Byron Coley on Fledg'ling Records’ series of beautifully remastered and annotated reissues of releases by The Incredible String Band

The Incredible String Band CD (FLED 3076CD)

The glorious 1966 Elektra debut LP by the The Incredible String Band. Although rumors have persisted of an earlier demo-only private LP, no studio recordings have surfaced predating this protean session, recorded by Joe Boyd. At this time the band was a trio comprised of Clive Palmer, Robin Williamson and Mike Heron. Palmer was a peripatetic legend, having busked with Wizz Jones in Paris in the late ‘50s before wending his way to Edinburgh with his banjo in 1962. Performing at a club hosted by Archie Fisher (another legendary figure on the Scottish folk scene), Palmer met Williamson, who was also interested in traditional music. They played as a duo until 1965, when they added Mike Heron, who’d been in a series of Edinburgh rock bands (Saracens, Abstracts), but who was interested in changing his errant ways.

The resulting trio made its home at Clive’s Incredible Folk Club and took their (tongue in cheek) name from the same venue. Joe Boyd, fresh from Harvard, charged with starting up an English version of Elektra, had earlier seen the Clive and Robin duo. When he heard about the new trio he rushed back to Edinburgh and signed them away from Transatlantic, who were reportedly ready to pounce.

Boyd produced this eponymous debut and it is a gorgeous blend of traditional elements and hints of the smoky future that was just around the corner. The tunes are mostly originals by Williamson and Heron, and they broadcast a sweet natured grasp of basics, both American and Anglo-Scot, interlaced with wisps of the exotic scents and harmonic approaches they’d explore more fully later in their trajectory.

The album was voted Melody Maker’s folk album of the year, but the trio broke up almost as soon as the sessions were finished. Palmer left for Afghanistan, Williamson took off for Morocco, and Heron stayed in Edinburgh, joining another rock band. But that wasn’t the end of the story. Far from it. This album is but the first step on a brick path leading into the pure heart of hippiedom.

The 5000 Spirits Or The Layers Of The Onion CD (FLED 3077CD)

The second ISB album, regarded by many as a peak moment in the evolution of the British psychedelic underground. Following the release of the band’s trio debut in the summer of 1966, Clive Palmer had split for Afghanistan, Robin Williamson had taken his girlfriend, Licorice McKechnie, to Morocco for an open-ended stay, and Mike Heron had opted to stay in Edinburgh. Heron returned to playing rock music, but in late 1966, Williamson came back from Marrakesh, bearing a wealth of strange North African musical instruments, and an equal number of compositional ideas.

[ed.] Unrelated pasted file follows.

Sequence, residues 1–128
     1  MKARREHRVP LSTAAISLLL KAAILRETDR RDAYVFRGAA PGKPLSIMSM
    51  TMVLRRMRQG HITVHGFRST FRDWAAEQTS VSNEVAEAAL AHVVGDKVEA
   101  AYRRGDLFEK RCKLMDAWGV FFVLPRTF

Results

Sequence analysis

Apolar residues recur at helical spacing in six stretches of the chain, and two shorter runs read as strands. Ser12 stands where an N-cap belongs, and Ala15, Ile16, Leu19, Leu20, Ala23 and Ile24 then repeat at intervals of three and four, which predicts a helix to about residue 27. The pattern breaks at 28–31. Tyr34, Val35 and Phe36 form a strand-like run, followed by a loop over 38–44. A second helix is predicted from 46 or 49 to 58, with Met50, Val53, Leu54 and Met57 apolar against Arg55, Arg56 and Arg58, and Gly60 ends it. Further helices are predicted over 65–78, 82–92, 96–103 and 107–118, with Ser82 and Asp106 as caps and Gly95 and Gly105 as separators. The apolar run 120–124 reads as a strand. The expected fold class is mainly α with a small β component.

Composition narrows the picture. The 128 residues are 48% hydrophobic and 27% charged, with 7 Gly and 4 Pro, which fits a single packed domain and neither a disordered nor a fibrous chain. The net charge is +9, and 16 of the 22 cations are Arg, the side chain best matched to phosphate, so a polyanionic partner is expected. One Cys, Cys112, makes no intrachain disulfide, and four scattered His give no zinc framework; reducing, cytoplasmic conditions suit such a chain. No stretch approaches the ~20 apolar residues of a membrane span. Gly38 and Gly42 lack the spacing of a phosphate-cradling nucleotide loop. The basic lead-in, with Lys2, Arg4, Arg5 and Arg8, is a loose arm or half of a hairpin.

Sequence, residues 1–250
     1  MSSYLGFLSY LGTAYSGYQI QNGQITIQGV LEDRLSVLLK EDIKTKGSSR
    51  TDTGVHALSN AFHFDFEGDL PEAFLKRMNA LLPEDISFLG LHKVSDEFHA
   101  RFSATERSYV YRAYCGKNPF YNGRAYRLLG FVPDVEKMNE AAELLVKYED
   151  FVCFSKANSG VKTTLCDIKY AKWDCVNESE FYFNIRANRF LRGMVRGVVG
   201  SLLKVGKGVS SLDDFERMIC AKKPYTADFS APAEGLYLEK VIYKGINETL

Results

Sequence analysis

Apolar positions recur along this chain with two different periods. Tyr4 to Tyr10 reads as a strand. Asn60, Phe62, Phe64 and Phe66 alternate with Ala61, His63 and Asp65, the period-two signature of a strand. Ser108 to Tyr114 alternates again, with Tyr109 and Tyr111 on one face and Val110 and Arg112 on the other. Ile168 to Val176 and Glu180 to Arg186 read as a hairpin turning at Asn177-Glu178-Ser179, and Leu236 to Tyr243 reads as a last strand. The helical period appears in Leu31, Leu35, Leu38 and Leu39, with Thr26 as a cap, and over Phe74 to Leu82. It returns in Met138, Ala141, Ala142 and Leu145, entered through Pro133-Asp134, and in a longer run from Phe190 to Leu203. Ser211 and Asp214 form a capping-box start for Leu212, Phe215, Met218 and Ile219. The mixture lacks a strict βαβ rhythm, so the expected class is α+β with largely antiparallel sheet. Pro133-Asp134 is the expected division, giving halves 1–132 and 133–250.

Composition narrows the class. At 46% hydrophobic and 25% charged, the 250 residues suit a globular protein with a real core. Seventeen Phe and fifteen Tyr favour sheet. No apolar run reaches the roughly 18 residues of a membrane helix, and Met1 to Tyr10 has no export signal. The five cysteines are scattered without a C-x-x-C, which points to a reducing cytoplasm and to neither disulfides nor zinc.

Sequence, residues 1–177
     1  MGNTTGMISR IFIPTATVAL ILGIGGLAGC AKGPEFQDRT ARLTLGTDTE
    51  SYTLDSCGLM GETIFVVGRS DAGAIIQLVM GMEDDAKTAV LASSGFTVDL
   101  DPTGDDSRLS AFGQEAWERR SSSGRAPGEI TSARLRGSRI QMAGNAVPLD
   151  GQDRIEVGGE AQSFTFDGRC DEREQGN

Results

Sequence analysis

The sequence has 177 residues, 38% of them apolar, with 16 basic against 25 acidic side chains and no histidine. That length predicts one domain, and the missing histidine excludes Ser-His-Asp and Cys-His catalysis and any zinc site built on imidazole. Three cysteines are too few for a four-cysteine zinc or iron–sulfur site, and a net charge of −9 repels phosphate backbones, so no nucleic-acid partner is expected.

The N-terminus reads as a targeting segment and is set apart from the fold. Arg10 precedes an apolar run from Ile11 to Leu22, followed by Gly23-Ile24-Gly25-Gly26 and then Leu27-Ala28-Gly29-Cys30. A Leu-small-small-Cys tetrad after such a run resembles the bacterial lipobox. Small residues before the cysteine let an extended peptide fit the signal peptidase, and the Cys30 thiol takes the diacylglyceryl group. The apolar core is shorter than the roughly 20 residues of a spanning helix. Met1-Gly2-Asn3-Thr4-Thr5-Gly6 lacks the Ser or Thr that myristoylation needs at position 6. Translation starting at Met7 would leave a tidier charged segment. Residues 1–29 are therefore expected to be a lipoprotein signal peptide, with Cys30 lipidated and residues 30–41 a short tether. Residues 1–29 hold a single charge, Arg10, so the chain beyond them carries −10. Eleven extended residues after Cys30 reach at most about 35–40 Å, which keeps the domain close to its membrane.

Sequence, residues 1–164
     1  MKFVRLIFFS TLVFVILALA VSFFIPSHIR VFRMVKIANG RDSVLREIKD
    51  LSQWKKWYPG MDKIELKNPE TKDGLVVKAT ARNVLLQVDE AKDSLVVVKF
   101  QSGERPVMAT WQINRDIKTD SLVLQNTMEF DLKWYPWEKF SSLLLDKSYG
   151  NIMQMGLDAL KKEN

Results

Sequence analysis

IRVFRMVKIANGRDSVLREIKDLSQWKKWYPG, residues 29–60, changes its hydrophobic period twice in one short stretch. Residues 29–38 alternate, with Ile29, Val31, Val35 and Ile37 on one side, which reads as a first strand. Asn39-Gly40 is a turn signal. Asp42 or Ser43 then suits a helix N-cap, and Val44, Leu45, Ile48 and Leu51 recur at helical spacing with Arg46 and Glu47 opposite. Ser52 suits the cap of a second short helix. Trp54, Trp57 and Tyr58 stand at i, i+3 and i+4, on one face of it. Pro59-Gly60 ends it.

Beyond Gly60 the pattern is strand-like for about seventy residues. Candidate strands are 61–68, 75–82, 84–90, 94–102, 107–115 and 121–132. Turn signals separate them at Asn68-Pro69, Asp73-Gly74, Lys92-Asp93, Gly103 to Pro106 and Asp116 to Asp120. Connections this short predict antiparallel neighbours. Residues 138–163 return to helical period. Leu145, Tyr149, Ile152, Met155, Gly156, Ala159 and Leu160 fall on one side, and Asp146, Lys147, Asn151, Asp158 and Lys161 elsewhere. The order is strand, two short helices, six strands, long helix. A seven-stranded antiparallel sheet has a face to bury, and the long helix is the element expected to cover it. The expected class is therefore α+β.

Before long, the two had reformed the ISB as a duo, and they soon began woodshedding in a rural Scottish cottage. Joe Boyd, who had produced the first LP, had started a new club in London called the UFO, in partnership with John “Hoppy” Hopkins (the founder of The International Times). Boyd felt the scene was boiling over and was convinced the ISB had their part to play. He visited the pair, suggesting he become their manager and that they record a second album. The sessions for The 5000 Spirits Or The Layers Of The Onion happened at John Wood’s London studio in late spring 1967, and featured the lovely bass work of Danny Thompson (who had joined Pentangle two months earlier), the vocals of Licorice, and guest spots for “Hoppy”’s piano and Nazir Jairazbhoy’s sitar.

The album was released to great fanfare in July, 1967, just as the ISB was returning from an appearance at the Newport Folk Festival. With its uber-psych cover art by Dutch design firm The Fool (then being envied for their work with The Beatles), and classic songs (traditional folk, swathed in kaftans, incense and finger cymbals), 5000 Layers was truly a record for its time. Hailed by everyone from John Peel to Paul McCartney, the album went to Number One on the UK folk charts, and was an omnipresent accessory in every student garret. Four-plus decades on, it remains one of the all-time readymade classics of the ‘60s.

Interestingly, its original UK catalogue number follows directly upon AMM’s debut LP. AMM and ISB were the first two bands Boyd chose to sign from the hordes of available musicians. That should tell you something.

The Hangman’s Beautiful Daughter CD (FLED 3078CD)